Delegations from hundreds of countries will meet in New York this week in an attempt to hammer out a new legally binding ocean protection treaty that green groups believe will decide whether efforts to safeguard global biodiversity can succeed, reports Reuters.
Thrashing out a new legally binding ocean protection treaty
Last August, an earlier round of talks on the new United Nations Ocean conservation treaty were suspended, with countries unable to reach an agreement on financing. Sharing the proceeds of “marine genetic resources” and the establishment of ocean environmental impact assessment rules for development were also major sticking points.
Experts familiar with the negotiations said major parties have now moved closer together on key issues as new talks begin, though compromises were still being sought.
“There seems to be an appetite to actually finalise the treaty now,” said Jessica Battle, ocean expert at the Worldwide Fund for Nature.
“There are several countries who are looking for some concessions to be made, but at the end of the day what is really important is that the treaty doesn’t get too watered down,” she said, noting that one attempt to exclude fishing from the treaty had already been defeated.
Hinge on the finance question
The success of the talks, scheduled to run until March 3, still “hinge on the finance question“, said Li Shuo, global policy advisor at Greenpeace, and China is set to be a major player in the negotiations, especially when it comes to bringing other developing nations on board.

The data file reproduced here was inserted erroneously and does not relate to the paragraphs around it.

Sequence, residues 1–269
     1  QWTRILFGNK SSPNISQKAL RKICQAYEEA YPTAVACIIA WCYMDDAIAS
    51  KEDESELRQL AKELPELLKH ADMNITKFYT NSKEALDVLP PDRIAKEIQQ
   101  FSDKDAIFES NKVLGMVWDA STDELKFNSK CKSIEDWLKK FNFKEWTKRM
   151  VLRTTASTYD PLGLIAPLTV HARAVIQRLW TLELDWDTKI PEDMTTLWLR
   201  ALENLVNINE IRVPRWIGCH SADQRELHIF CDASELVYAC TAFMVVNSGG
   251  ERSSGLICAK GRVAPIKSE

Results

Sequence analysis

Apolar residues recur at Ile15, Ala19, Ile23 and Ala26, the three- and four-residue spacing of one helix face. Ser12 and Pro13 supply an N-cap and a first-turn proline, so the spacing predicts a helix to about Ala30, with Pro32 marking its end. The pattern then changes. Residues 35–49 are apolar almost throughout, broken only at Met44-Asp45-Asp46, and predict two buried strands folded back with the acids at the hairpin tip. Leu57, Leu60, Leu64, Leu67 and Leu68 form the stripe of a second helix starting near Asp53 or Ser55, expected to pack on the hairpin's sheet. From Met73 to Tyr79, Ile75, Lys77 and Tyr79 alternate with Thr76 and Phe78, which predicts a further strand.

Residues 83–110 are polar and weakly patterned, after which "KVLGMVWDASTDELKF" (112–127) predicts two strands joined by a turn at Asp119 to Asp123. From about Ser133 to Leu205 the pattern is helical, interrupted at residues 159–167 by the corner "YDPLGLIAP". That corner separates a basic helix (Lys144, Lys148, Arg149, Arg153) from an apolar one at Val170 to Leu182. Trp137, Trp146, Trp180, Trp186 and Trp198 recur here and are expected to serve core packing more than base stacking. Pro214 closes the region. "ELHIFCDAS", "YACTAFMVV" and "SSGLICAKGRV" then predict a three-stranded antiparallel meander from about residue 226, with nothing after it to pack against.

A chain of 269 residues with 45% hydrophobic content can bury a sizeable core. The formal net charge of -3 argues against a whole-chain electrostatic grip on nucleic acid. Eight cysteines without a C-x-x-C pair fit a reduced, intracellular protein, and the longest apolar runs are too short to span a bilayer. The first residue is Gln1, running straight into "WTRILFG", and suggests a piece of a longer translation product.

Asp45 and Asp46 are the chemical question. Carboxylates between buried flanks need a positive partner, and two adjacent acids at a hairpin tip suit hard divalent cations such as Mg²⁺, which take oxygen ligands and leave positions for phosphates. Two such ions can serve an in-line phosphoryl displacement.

According to Greenpeace, 11 million square kilometres (4.25 million square miles) of ocean must be protected every year between now and the end of the decade if a target of protecting 30% of the world’s land and sea by 2030 – known as “30 by 30” – is to be met.
China’s foreign ministry said in a statement that it was working hard to achieve “a high-quality agreement that takes conservation and sustainable use into account and can be generally accepted by the international community.”
How to share the proceeds from ocean industrial development, including the use of marine genetic resources in pharmaceuticals and other industries, will also be a crucial factor for China, which is already home to six of the 10 biggest global companies that run high seas fishing fleets.
“Genetic resources and the issue of finance will be the end game,” said Greenpeace’s Li.
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